By John D. O'Brien, S.J.
I regularly go with a group of college students at night to the Downtown Eastside (DTES) of Vancouver. That area is sometimes called “Canada’s poorest postal code” on account of its high concentration of hostels and flophouses. Once there, we set up a couple of foldable tables on the sidewalk and give out cups of hot chocolate and bran muffins. During these visits to the DTES, we meet and engage in friendly conversation with a variety of people: homeless, drug-addicts, prostitutes, or residents simply passing by. Some do not want to talk much. Others seem grateful to linger and chat about life. A number of these encounters will remain on our memories for a long time.
One of the people we met is Barney.* He told us he was homeless, but survived by hustling and the free meals the various missions provide. Barney stayed talking with us for a while, would disappear, then return again, each time asking for more muffins. Eventually he admitted they were for his friends on the sidewalk around the block, telling us they were crack dealers, and couldn’t leave their spots or they’d lose business.
Barney felt that he couldn’t just take food for us without some kind of return, so he decided he would sing us some songs. He broke into the most soulful rendition of “What a Friend I Have in Jesus” I have ever heard. He sang at the top of his lungs and without any self-consciousness. He then asked if we wanted to hear another song, and sang more spirituals that may have been improvised. Although he was “singing for his supper” so to speak, Barney’s simplicity, and the music that issued from him and filled the streets, moved us. I had a keen sense that the Gospel was being proclaimed in the streets of Vancouver that night.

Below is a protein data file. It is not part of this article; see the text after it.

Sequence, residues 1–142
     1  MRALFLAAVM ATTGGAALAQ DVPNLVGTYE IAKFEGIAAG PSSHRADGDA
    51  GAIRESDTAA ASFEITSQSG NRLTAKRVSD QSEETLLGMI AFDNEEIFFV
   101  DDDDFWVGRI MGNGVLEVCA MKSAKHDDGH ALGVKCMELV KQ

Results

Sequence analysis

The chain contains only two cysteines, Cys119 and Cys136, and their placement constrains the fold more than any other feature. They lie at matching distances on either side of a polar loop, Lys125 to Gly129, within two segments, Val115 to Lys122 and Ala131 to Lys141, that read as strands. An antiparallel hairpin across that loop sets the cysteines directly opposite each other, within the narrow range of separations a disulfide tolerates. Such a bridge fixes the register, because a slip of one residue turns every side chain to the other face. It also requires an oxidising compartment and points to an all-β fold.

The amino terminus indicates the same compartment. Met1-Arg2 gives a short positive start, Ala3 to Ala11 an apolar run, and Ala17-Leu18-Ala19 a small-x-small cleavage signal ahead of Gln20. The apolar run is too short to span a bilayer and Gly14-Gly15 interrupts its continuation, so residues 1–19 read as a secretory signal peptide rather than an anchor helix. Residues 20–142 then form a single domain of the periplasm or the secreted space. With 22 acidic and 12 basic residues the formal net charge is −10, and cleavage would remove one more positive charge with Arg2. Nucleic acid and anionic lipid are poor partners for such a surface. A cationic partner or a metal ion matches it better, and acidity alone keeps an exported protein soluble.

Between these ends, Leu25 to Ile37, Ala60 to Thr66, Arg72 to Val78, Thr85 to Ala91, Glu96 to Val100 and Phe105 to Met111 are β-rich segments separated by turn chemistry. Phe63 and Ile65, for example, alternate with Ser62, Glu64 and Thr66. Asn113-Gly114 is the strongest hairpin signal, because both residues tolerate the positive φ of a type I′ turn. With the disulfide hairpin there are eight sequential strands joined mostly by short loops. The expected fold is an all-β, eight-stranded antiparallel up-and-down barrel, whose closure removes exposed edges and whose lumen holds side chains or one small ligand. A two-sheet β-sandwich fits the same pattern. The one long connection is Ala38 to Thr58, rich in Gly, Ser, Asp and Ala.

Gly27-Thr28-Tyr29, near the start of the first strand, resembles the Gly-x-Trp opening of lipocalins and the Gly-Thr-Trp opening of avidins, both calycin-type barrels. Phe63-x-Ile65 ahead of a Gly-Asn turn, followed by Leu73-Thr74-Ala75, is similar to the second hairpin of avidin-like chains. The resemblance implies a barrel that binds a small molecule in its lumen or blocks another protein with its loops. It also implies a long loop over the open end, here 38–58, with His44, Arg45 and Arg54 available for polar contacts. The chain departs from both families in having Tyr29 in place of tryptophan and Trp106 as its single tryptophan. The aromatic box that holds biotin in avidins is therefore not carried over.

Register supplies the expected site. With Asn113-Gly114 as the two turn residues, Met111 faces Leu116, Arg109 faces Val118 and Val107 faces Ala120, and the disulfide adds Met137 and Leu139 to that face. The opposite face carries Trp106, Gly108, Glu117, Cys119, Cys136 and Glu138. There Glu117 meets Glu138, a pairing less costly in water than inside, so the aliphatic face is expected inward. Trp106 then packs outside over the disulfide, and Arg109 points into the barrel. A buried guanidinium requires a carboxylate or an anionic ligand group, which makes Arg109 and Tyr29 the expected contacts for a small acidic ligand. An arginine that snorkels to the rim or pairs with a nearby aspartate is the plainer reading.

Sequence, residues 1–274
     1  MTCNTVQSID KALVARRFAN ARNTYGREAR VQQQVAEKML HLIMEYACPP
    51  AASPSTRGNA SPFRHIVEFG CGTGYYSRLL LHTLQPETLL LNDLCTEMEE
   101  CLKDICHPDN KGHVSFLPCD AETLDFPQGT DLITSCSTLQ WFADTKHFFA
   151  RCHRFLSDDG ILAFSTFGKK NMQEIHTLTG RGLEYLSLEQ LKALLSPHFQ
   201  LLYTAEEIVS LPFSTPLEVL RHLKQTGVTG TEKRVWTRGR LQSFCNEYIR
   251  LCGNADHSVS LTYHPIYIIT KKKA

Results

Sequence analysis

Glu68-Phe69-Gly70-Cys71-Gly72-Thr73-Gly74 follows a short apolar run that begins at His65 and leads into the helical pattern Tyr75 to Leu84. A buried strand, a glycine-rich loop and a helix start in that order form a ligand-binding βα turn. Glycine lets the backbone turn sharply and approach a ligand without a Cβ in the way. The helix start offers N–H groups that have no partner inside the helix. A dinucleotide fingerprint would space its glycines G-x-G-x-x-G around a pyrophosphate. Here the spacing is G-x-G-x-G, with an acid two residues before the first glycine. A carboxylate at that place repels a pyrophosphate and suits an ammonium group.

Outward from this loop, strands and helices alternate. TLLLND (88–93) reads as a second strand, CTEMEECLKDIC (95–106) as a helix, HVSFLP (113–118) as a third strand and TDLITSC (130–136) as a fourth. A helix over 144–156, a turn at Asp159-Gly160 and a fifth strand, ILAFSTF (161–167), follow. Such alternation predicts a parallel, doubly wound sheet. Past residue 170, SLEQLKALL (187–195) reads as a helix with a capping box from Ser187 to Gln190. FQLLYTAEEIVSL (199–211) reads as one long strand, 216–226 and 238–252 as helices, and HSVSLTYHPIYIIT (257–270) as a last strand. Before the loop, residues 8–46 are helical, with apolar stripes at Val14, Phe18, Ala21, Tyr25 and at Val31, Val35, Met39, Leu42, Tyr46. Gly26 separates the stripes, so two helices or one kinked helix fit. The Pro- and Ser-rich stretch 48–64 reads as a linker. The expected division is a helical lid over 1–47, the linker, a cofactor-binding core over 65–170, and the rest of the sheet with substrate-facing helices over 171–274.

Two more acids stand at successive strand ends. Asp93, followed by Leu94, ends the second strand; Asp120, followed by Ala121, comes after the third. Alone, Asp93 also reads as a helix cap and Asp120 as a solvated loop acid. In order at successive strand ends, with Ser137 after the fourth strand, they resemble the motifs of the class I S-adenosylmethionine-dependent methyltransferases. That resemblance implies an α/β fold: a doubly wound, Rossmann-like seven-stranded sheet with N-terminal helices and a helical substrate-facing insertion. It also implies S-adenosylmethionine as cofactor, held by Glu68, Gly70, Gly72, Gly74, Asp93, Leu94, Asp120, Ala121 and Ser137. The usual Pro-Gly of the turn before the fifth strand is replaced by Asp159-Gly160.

Wanda was another guest at "our table". Underdressed on a cold winter night, she accepted a mug of hot coco and a cigarette from one of the students. As they talked, Wanda got more talkative and at ease, and asked if she could bring some extra snacks to her friends in a tenement nearby. We agreed, and despite our remonstrations, she insisted that she would get them to say thanks. Fifteen minutes later we saw some people wrestling with a window on the twelfth floor of the building she had pointed out. Eventually, a pane of glass was forced open and jubilant cries of “thank you very much” echoed across the streets and through the night. The students waved back, shouting “you’re welcome!” It was so ordinary, but somehow it too was a Christian moment.
Our last time there, a man wheeled up on a bicycle with a small homemade motor attached. Gus was originally from Newfoundland but had lived on the streets in Vancouver for many years. He would take up odd jobs around the city – loading trucks or fixing things – and could get to places on account of his motorized contraption. Gus was proud of his bike, and all the modifications he had made to it. The cops would harass him about it, he said, but he always told them where to go (sanitized version). A stuffed toy of Bert from Sesame Street rode lashed to the front reflector light, and a row of pliers stood fixed to attention on the handlebar -- just in case. We talked about the bike, his plans to make more engines, the cold weather and other simple things. We bid him farewell and he rode off into the night, feeling warmed, we hope, for having had some friendly conversation.
At the same time, we all agree when we go out for coffee and debriefing, that it is Christ who has warmed us. There is no person on earth in whom Christ does not appear.
*Names are changed.